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I have a class

public class MyMain{
    public static void main(String... arg){
            Temp t = new Temp(){
                {
                    System.out.println(" instance initialize");
                }
            };

        }
    }

class Temp{
    int i;

    {
        i=9;
        System.out.println("Static"+i);
    }
    Temp(){
        System.out.println("Temp const "+i);
    }
}

When i execute the main method the output comes:

Static9
Temp const 9
instance initialize

Ideally, the blocks are executed before the constructor, but the inline initialization block is called after the Constructor. Why?

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1  
1  
As a side point, that's not static, where you print static. –  Dave Newton May 21 '12 at 16:51

7 Answers 7

up vote 14 down vote accepted

You're creating a subclass of Temp. For each class, any instance initializers are executed before the constructor body - but the superclass goes through initialization before the subclass initialization. So the execution flow is:

  • Initializers in Object
  • Constructor body in Object
  • Initializers in Temp
  • Constructor body in Temp
  • Initializers in anonymous class
  • Constructor body in anonymous class (none)

I would strongly advise you to refactor any code which looked like this anyway - aim for clarity rather than cleverness.

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Is it the same behavior in C# ? –  Gab Feb 7 at 13:03
1  
@Gab: No, not exactly. In C#, variable initializers in a derived class are executed before the constructor in the base class. –  Jon Skeet Feb 7 at 13:04

JLS 12.5 spells out the order in which things happen during construction (emphasis mine):

Just before a reference to the newly created object is returned as the result, the indicated constructor is processed to initialize the new object using the following procedure:

(3) This constructor does not begin with an explicit constructor invocation of another constructor in the same class (using this). If this constructor is for a class other than Object, then this constructor will begin with an explicit or implicit invocation of a superclass constructor (using super). Evaluate the arguments and process that superclass constructor invocation recursively using these same five steps. If that constructor invocation completes abruptly, then this procedure completes abruptly for the same reason. Otherwise, continue with step 4.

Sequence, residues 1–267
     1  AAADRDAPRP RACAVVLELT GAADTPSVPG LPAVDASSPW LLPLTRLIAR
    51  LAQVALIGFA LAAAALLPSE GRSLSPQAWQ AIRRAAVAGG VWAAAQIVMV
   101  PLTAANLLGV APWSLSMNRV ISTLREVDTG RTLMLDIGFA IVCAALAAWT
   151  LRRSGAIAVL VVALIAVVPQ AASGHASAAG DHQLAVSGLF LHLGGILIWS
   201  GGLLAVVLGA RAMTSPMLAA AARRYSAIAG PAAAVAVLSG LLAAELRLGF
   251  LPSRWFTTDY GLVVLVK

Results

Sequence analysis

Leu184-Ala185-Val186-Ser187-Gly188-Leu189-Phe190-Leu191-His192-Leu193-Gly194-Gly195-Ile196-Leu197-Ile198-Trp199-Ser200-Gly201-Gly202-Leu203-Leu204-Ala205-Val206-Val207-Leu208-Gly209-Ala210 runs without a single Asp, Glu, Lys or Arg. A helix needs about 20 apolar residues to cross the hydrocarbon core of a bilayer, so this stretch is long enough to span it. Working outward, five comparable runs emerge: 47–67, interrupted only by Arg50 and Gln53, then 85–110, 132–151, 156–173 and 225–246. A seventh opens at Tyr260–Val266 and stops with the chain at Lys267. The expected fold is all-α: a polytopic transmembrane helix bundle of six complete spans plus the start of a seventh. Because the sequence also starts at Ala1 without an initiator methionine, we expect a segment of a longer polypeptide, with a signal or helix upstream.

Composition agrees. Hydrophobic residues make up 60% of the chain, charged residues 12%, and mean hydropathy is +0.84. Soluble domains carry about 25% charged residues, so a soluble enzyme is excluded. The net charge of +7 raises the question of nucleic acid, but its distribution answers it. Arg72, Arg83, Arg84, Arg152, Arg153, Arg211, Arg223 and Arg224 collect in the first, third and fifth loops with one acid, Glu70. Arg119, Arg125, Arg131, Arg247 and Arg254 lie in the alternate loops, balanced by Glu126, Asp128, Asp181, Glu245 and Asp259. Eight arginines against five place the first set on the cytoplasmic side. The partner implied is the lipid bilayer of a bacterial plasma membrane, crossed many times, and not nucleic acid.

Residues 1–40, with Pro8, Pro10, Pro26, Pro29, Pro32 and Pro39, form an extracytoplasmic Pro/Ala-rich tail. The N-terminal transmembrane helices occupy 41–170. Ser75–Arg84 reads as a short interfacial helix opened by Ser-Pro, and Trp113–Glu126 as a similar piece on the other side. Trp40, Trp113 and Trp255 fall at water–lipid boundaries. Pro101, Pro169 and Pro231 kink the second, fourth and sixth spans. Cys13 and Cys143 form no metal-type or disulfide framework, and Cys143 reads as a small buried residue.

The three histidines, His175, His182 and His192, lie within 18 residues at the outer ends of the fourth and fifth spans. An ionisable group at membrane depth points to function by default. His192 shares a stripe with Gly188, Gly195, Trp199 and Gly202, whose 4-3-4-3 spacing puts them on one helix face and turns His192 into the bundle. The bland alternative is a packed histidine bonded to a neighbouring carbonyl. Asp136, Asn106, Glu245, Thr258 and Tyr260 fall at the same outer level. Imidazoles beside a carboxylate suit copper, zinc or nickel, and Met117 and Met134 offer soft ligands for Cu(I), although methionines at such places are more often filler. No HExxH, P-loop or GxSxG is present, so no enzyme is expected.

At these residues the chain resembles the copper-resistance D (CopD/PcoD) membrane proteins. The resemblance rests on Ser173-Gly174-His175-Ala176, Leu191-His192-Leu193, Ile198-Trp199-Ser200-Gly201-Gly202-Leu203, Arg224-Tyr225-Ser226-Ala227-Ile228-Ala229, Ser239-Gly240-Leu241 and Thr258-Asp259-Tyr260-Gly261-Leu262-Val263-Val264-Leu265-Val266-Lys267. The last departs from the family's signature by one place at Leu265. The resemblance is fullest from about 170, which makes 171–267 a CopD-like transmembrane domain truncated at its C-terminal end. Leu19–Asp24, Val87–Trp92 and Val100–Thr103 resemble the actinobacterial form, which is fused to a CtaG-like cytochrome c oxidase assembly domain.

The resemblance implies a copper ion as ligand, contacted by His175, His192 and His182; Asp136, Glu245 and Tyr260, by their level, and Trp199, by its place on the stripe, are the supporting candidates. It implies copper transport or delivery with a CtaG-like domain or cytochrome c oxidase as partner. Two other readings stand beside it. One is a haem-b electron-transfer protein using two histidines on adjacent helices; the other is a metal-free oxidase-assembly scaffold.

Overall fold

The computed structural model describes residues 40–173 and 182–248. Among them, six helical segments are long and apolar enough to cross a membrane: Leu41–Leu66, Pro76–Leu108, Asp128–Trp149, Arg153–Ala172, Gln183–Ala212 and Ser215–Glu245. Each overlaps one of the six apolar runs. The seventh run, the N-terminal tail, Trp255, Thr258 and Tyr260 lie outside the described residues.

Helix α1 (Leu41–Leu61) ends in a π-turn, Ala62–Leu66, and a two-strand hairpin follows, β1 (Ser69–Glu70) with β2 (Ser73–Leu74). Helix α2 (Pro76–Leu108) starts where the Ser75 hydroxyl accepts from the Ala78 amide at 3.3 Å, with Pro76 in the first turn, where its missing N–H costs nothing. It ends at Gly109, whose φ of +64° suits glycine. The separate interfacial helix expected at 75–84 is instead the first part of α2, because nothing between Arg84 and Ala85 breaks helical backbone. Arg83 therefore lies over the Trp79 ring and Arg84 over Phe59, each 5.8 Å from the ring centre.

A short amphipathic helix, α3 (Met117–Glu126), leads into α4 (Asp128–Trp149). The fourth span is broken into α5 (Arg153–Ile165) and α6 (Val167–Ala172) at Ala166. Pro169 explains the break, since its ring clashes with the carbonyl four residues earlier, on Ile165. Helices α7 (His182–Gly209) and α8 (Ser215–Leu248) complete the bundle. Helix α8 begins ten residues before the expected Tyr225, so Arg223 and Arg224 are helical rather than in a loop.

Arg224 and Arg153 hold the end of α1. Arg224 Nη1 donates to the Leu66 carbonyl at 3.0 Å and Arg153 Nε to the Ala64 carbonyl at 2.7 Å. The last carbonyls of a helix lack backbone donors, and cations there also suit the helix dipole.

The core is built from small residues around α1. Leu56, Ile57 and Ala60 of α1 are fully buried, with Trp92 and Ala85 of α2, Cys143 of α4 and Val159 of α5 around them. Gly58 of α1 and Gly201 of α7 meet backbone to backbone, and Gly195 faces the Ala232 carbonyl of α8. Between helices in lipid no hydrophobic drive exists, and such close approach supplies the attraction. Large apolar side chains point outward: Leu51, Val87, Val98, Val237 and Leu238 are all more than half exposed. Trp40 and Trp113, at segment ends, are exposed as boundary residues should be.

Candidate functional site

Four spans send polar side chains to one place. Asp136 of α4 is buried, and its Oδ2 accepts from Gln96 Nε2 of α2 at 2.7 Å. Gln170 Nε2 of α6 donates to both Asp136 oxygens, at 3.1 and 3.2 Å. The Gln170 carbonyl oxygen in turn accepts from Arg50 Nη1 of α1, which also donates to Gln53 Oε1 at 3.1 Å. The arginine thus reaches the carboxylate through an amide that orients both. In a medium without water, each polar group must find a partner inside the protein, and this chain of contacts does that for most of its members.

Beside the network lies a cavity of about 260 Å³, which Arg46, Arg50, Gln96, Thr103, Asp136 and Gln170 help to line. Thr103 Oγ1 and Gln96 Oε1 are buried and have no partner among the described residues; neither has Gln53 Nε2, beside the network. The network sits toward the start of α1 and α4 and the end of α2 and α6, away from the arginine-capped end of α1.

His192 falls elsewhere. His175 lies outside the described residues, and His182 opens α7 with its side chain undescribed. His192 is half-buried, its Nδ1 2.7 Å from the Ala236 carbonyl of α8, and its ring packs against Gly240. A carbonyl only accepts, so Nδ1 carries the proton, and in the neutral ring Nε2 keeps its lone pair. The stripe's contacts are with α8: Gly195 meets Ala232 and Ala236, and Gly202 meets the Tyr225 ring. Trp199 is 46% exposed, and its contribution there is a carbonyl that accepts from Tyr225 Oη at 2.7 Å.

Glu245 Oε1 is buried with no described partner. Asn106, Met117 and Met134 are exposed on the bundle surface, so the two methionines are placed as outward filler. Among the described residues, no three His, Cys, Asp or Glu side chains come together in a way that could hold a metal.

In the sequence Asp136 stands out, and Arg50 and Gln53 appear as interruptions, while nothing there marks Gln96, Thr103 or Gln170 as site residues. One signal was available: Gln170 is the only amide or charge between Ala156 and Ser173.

(4) Execute the instance initializers and instance variable initializers for this class, assigning the values of instance variable initializers to the corresponding instance variables, in the left-to-right order in which they appear textually in the source code for the class. If execution of any of these initializers results in an exception, then no further initializers are processed and this procedure completes abruptly with that same exception. Otherwise, continue with step 5.

(5) Execute the rest of the body of this constructor. If that execution completes abruptly, then this procedure completes abruptly for the same reason. Otherwise, this procedure completes normally.

To summarize, superclass constructors (step 3) are executed before instance initializers (step 4). Both are executed before "the rest of the body of this constructor" (which you don't have in your example).

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The inline initialisation block is called after the constructor of the base class of the anonymous class you are instancing at the moment and before the empty implicit constructor of the anonymous class itself.

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What you are actually creating is not a Temp class instance, but an instance of some anonimous class, that inherits from Temp.

Thus, at first, the Temp initializers are called (anonimous block inside Temp and its construstor) and initializers in anonimous class are called afterwards.

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Point 1: To be clear, you have two instance initializers: one in the Temp class and one in the anonymous inner class created in the main() method that is a subclass of Temp.

Point 2: Instance initializers aren't actually run before constructors. Per the JLS, they're run during a constructor, after delegating to the super constructor and before initializing instance fields and completing the constructor.

Point 3: In your code, each initializer is correctly executed at its appropriate time. I think you're expecting the second one to execute at the same time as the first one, but that would be incorrect because as pointed out in Point 1, they're initializers for two different classes.

Point 4: You may also be confused between static initializers and instance initializers. They're two distinct things.

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In your code

Temp t = new Temp(){
    {
        System.out.println(" instance initialize");
    }
};

you are creating object of anonymous class which extends Temp class.

Creating object of Subclass:

initialize block from Superclass
constructor of Superclass
initialize block from Subclass
constructor of Subclass
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The object must be in memory first before anything else can be done to it. The object is constructed in memory and then your console prints happen.

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